Did you know that there will be an estimated 1,688,780 new cancer cases diagnosed and 600,920 cancer deaths in the US for the year ending 2017?
These figures were predicted by Cancer.org and are no extremely alarming. Cancer, regardless of its form is one of the leading causes of deaths in the country. Out of every 100,000 people, around 171 die because of some form of cancer.
Even with the grim statistics, it isn’t entirely impossible to prevent cancer. Trust us; it doesn’t take more than a few long-term daily lifestyle changes.
Here’s what you can do:
Drink a lot of water and healthy liquids. Drinking fluids increases the frequency of urination that helps flush out the harmful toxins that may lead to cancer in the long run. It also dilutes the strength of cancer-causing miscreants present in the urine and reduces the chances of bladder cancer. You should drink at least 8 glasses of water daily.
Walking is a fantastic way to incorporate moderate exercise levels in your routine. Brisk walking can help bring down your breast cancer risk. It is ideal to walk at least 30 minutes every day to keep the cancer away. Also, regular exercise allows you to burn body fat, which may otherwise contribute to other known types of cancer.
Obesity is a major contributor to the symptoms of breast, ovarian, cervical, and breast cancer. Hence, maintaining healthy weight is important. Eat a nutrition-rich, balanced diet and where possible, include foods that help prevent cancer. These foods may include whole grains, berries, leafy greens , and nuts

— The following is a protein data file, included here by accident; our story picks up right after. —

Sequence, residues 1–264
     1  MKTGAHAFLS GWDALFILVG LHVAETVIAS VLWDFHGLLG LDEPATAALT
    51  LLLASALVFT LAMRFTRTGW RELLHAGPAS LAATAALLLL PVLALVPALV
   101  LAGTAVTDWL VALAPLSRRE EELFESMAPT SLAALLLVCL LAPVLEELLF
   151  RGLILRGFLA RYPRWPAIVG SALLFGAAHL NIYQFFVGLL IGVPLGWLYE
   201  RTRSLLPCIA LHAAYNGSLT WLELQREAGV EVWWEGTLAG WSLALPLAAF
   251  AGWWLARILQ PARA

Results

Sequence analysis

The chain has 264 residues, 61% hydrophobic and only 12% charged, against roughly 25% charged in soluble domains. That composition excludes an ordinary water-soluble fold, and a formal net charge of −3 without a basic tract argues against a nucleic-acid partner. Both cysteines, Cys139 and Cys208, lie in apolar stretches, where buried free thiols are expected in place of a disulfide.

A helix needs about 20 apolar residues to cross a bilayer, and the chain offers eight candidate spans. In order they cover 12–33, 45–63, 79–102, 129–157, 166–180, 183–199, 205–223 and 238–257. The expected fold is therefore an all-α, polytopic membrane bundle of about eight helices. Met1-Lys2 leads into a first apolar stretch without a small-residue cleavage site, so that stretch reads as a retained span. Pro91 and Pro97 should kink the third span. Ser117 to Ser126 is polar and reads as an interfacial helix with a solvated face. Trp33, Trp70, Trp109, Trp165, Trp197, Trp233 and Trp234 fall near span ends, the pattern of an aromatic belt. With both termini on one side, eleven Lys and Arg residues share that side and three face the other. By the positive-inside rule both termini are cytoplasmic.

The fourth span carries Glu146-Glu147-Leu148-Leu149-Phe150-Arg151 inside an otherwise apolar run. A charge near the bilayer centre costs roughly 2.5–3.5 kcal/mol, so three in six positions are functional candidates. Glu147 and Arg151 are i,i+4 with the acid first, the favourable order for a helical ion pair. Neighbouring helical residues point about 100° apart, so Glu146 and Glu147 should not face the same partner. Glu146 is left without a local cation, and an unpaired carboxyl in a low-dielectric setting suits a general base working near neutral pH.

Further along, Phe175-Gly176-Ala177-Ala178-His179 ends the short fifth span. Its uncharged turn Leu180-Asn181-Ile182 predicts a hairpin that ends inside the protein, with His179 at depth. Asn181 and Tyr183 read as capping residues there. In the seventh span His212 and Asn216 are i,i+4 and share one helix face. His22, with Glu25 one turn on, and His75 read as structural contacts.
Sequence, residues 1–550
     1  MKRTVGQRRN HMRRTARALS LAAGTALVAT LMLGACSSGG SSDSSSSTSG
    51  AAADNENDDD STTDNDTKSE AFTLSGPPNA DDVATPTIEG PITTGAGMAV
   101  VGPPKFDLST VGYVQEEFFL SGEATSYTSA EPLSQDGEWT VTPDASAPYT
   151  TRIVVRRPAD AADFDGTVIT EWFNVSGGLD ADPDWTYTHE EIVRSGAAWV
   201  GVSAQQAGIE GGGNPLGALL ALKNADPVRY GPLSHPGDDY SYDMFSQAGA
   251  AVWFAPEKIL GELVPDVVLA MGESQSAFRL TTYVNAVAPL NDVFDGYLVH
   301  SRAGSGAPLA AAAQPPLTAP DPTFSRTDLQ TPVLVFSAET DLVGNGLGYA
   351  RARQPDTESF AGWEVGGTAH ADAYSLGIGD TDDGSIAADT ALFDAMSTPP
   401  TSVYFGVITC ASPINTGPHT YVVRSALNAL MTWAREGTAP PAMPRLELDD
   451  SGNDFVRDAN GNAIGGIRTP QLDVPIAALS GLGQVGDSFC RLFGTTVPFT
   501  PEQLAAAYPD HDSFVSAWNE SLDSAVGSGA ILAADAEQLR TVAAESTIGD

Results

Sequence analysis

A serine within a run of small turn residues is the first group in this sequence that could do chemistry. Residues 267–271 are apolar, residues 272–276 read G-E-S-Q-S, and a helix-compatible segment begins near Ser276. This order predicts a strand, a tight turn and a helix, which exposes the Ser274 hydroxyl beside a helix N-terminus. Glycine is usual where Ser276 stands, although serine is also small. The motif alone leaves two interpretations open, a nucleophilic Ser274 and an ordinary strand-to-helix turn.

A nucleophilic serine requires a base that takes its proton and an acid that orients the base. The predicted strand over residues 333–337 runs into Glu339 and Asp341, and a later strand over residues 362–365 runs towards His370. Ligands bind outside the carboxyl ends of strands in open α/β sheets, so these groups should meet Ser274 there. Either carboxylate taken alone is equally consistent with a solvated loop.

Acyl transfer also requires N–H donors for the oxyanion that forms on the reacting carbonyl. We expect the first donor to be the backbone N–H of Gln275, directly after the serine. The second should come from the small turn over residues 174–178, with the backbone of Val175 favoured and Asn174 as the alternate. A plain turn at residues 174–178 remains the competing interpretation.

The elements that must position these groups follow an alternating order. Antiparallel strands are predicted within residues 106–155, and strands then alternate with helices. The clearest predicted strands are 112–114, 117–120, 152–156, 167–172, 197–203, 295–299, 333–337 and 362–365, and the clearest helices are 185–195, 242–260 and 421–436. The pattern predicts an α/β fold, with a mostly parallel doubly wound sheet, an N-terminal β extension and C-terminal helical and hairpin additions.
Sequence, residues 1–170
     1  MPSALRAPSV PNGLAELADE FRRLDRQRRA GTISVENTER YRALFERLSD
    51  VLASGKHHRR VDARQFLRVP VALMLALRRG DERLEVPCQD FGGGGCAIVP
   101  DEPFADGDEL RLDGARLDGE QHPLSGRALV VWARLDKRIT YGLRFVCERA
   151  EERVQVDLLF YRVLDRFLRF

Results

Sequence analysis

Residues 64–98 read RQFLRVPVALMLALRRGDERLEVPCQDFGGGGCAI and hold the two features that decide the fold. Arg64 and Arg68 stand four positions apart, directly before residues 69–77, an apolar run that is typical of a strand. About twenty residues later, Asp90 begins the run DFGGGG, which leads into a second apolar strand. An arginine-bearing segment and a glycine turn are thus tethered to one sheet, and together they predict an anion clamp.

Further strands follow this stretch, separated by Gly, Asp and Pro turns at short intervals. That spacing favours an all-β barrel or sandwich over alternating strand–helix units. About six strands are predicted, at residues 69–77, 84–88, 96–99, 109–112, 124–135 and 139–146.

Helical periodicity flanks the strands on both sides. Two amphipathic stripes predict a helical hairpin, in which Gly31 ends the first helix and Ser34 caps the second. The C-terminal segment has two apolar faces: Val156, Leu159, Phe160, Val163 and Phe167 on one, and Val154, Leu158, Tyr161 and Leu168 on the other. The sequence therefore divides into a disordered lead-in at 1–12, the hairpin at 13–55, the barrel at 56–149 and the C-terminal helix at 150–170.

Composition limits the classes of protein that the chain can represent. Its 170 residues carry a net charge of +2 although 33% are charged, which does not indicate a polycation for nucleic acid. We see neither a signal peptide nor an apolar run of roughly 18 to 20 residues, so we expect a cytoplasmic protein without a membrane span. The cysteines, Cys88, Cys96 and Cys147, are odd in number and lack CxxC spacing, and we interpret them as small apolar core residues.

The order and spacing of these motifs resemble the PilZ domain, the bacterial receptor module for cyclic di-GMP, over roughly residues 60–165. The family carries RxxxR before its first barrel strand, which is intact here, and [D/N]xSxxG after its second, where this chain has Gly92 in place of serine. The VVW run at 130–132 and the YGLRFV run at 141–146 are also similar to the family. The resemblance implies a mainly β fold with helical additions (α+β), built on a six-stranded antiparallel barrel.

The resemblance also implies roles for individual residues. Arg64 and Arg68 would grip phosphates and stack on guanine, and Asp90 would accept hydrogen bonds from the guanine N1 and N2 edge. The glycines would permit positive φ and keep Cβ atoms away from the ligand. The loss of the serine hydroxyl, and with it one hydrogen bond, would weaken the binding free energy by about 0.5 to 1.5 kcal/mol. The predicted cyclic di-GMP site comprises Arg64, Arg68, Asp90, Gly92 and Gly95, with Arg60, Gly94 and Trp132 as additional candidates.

Avoid the Sun
The UV rays of the sun are harmful and can possibly lead to skin cancer. It is important not to expose yourself to sunlight unnecessarily. A 10-minute exposure to the sun is sufficient to supply the body with the right amounts of daily vitamin D requirements – every minute exceeding that is not healthy. Make sure you use sun protection when you can’t avoid it altogether.
Use of tobacco, in any form is cancerous to your health. Smoking has been known to cause mouth, lung, throat, pancreatic, larynx, bladder, kidney, and cervix cancers. Chewing tobacco can result in oral and pancreatic cancers. If you smoke or chew tobacco, your risk of getting cancer is definitely higher than someone who doesn’t.
Get Regularly Tested
Detailed genetic testing and regular medical examinations can help detect risk and presence of various cancers in the body. Whether it is of the colon or breast cancer, an early discovery helps the condition from worsening given proper medical treatment and prevention is put into practice immediately.
It’s true that cancer now can be cured, but the survival ratio for it is still comparatively low. Even with all that, it is always better to prevent the overall risk of getting cancer, especially when all you have to do is make small changes to your lifestyle.
February is the National Cancer Prevention Month and we think this is a great time to start taking cancer prevention seriously! Don’t you agree?